Bridging the Gap in the Diaspora Celebrating Juneteenth Festival

Patricia Sabree-Juneteenth Featured Artist
Patricia Sabree-Juneteenth Featured Artist

Interested visitors attended the annual Juneteenth event at the Telfair Museum’s Jepson Center on Saturday to celebrate culture and history. Attendees enjoyed a variety of art vendors, musical performances and informative talks. Patricia Sabree, the featured artist at the Juneteenth event, presented her paintings and gave insight into her historical influences. “This is called Gullah,” Sabree said. “Gullah is not only a people, it is also a language. It is a 400 year old culture derived from west Africa to the coastal areas. Those coastal areas are Savannah, North and South Carolina, Louisiana, Virginia and also New Orleans. When you see the art work, it is very colorful and bold. They tell a story and connect to the spirit.” Sabree’s paintings reflect Gullah and coastal culture from a positive and uplifting perspective. “When seeing it for the first time, many people have said that they see so much happiness, joy and love in the art work. Another name for Gullah art is happy art and the happiness stems from the fact that no matter what we were going through, the spirit of the people could not be broken or shaken; it resonates,” Sabree said. In addition to Sabree, there were other black artists displaying their work and providing historical information to attendees.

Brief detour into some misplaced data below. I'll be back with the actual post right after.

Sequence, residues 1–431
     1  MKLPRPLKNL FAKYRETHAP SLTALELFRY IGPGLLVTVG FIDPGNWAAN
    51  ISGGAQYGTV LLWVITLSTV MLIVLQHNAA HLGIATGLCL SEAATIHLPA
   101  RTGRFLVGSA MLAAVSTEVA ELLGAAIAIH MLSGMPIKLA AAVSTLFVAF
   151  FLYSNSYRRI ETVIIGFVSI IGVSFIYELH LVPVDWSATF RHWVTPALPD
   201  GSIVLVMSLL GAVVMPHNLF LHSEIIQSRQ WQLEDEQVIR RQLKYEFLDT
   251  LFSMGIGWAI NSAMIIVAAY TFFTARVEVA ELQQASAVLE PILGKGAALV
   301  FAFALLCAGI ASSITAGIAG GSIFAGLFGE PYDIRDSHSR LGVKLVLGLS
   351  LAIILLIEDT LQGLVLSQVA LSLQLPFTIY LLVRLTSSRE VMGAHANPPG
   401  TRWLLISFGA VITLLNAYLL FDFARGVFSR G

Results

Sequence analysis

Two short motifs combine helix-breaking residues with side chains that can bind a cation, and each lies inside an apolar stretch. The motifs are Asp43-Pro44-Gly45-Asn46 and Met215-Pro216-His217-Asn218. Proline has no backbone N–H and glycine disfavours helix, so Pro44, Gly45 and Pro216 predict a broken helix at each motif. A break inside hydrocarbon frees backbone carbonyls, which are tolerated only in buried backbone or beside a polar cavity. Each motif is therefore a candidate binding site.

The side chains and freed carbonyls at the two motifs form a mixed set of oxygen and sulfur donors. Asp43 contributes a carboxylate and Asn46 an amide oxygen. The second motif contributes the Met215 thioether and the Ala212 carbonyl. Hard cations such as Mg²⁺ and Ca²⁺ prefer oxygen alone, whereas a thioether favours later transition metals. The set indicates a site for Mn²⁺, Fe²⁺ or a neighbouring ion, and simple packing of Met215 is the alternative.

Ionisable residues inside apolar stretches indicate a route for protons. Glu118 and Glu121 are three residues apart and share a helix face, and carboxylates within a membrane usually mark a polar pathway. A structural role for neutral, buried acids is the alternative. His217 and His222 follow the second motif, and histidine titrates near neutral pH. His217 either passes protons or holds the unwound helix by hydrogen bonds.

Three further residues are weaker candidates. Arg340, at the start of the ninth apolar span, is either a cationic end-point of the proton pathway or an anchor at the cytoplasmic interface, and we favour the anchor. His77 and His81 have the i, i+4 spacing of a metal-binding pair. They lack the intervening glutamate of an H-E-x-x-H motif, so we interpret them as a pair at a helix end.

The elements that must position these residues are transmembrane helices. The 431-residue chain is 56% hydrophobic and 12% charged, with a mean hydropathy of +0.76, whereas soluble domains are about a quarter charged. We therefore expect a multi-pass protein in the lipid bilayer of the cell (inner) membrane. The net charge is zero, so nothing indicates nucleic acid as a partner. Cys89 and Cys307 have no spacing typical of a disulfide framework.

Gregory Grant, a historian and basket sower, displayed African art in the form of traditional baskets. Grant spoke to an audience of art enthusiast and told them about the history of art that survived the Middle Passage. “The sweet grass baskets as we do it today is probably one of four of the oldest arts and crafts to survive the Middle Passage,” Grant said. Basket making, wood carving, net making and metal smithing are four art forms that people of African descent brought with them to the Americas. The process of creating baskets survived because people of west African descent that were brought to America to work in rice fields would use the husk to create baskets and make their work easier, Grant told his audience. Other than visual art, museum visitors had the opportunity to experience on-stage storytelling, dance performances and listen to choir songs performed by the men of St. John Baptist Church. Vaughnette Goode-Walker, an on-stage storyteller, encouraged the crowd to celebrate the history Juneteenth. “This year we are celebrating the history of the black church,” Goode said. “We are bridging a gap of the diaspora. Our theme has been the black church. The black church ties into everything. It was the base of freedom. It was the only place we could go and be ourselves.” The Juneteenth event offered historical knowledge, art and activities for children. The community event takes place every June at the Jepson Center.

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